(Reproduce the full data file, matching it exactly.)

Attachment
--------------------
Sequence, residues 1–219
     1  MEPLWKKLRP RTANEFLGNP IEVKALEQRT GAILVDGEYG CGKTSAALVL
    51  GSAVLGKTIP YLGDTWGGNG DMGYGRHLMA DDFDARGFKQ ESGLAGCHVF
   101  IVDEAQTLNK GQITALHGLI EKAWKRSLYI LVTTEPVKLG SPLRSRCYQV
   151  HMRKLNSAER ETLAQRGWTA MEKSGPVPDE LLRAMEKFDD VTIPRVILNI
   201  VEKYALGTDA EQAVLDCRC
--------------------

Sequence, residues 1–219
     1  MEPLWKKLRP RTANEFLGNP IEVKALEQRT GAILVDGEYG CGKTSAALVL
    51  GSAVLGKTIP YLGDTWGGNG DMGYGRHLMA DDFDARGFKQ ESGLAGCHVF
   101  IVDEAQTLNK GQITALHGLI EKAWKRSLYI LVTTEPVKLG SPLRSRCYQV
   151  HMRKLNSAER ETLAQRGWTA MEKSGPVPDE LLRAMEKFDD VTIPRVILNI
   201  VEKYALGTDA EQAVLDCRC